STiR coffee and tea magazine

Volume 4, Number 2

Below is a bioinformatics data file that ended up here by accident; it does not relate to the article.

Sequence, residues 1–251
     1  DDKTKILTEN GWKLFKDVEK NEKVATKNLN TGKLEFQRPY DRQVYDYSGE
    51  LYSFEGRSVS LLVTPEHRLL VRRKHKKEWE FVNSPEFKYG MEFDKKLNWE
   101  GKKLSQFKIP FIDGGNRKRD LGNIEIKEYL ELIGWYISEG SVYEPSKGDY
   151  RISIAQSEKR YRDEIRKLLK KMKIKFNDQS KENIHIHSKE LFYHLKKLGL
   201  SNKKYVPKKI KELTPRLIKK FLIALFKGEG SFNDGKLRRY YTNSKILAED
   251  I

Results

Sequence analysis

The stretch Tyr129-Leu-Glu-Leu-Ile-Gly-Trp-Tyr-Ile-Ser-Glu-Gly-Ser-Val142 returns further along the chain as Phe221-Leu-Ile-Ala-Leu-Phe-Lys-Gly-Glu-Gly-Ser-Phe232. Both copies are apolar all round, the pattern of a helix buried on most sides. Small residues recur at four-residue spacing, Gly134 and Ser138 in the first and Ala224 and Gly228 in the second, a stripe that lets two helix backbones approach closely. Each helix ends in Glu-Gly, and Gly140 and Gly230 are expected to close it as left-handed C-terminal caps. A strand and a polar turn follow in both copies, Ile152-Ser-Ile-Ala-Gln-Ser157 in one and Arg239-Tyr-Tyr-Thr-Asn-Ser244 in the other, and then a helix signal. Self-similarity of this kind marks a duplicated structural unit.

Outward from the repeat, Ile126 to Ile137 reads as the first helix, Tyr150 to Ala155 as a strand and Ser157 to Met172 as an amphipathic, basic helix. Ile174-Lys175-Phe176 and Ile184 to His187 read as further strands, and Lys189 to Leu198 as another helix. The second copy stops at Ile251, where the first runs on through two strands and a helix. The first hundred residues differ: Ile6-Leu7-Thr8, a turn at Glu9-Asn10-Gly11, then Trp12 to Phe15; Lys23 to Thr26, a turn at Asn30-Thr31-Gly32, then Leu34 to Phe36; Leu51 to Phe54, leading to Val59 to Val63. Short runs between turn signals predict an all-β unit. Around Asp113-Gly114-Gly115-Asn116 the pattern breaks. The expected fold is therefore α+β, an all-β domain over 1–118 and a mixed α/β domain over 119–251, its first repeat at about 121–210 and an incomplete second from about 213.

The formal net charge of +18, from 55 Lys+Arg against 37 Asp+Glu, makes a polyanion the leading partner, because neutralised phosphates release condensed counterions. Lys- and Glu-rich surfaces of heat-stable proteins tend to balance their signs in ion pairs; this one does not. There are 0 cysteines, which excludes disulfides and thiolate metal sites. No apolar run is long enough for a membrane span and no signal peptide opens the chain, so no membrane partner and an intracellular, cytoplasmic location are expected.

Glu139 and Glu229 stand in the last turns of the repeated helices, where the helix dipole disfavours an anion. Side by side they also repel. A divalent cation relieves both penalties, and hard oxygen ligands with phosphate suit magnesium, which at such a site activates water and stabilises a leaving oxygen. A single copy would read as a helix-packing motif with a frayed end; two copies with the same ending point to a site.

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70 STiR tea & coffee industry international / Issue 2, 2015 (April/May) Taylor Herman with father Wes Herman, president of The Woods Coffee Roasting their own coffee gives The Woods better quality control. The Woods packages whole bean roast for retail sales in coffee shops and local grocery outlets. "If we'd had to redo that whole software system it would have cost a ton of money," Taylor said. "They were awesome." The software problem was Taylor's biggest takeaway from the great roastery installation. "We've been waiting and waiting and waiting for the power and then we had the glitch," he said. "Fixing the software took two or three days, but we were working until 9 p.m. It was a mad rush to get it done." In retrospect, he advises lining up a service network for any potential issues. Another decision anticipated future growth. Puget Sound Air Quality Control does not require an oxidizer for roasters under 25-kilos. The Woods' was exempt, but had neighbors complained the agency would require The Woods to install one. So they made sure their roaster came with an oxidizer and installed it from the start, Taylor Herman said. "We wanted to do the right thing for the com- munity," Wes Herman said. When The Woods in- stalls a second roaster, they'll already have the oxi- dizer in place. Despite his planning, the configuration required a tweak as the roastery neared its first anniversary at The Woods. An 8-inch diameter, approximately 6-foot long steel, powder-coated duct connected to the chaff collector was installed horizontally about 12 feet off the ground. But pulling it down for peri- odic cleaning proved awkward and unwieldy, even hazardous. It took only a half day's work to recon- figure it to be lower and easier to reach and remove for cleaning. It was a good lesson, easily fixed. "The problems we had were very minor," Tay- lor Herman said. "They seemed big at the time, but now they don't seem big." The warehouse also contains green bean stor- age, forklifts and bins. He's already anticipated growth; some of the green storage could move up- stairs, near the tasting lab. In that lab, Head Roaster Hagan was busy ob- taining samples of beans, roasting and cupping. He designed a training program open to all employees. The lab has a one-kilo Probat model Probanti- noroaster in near-constant use. The Woods soon hired an assistant roaster – bakery employee Chris Forsyth, who split his duties at first but is now roasting full-time. The two roasters are the only additional positions. One of Hagan's first projects was developing profiles for the four The Woods blends: the me- dium roast Espresso blend; the dark Brown Bear blend; Woods decaf; and dark roast Viking Blend, named for the mascot of nearby Western Wash- ington University, with which The Woods shares part of the proceeds. The Woods added a seasonal Holiday Blend and limited-edition single-origins. Recent products have been light roasts from Colombia and the Honduras. "It's fun to do some single origins, specialty coffees," Hagan said. "We keep it fresh and do a limited quantity." Smooth transition As for reworking the familiar Woods brands, Her- man calls it "a smooth transition." The Woods didn't make an announcement; just started serving the new blends. But customers noticed. "They noticed immediately," Herman said. "We had zero negative comments. That's really rare and kind of weird." But it reinforced the decision to roast their own. "We wanted to do it all from the ground up, and do it in a sequential manner, without any hic- cups. And we did. I look back, and I can say this came off as flawlessly as you could possibly pull it off," Herman said. "This is not like a startup. It's an existing monster that's already rolling with millions of dollars at stake. If you screw it up, you screw up who we are and there's all kinds of pitfalls." He believes the soft launch was key. "We held off announcing we were roasting un- til there was full adoption," Herman said. The new roasts rolled out gradually to the stores. Then The Woods promoted two bags for the price of one for the inaugural month. "If we went back and asked how we would do this differently, well, we wouldn't," Herman add- ed. He doesn't even regret the delays; "We missed our goal by about 60 days," he said, between the power installation and the software glitch. But The Woods pays less now for beans than a year ago. "Our goal is to always act like a startup – it keeps you efficient," he added."We haven't raised prices, but we're more profitable every year, be- cause we're more efficient. We've never been strangers to investing." What's next for The Woods? Wes Herman has an answer, with a grin. Additional locations, of course. But he realized awhile ago the company uses more milk than coffee. Now that The Woods has a roaster, he's mulling another new supply: "Maybe we need our own cows."

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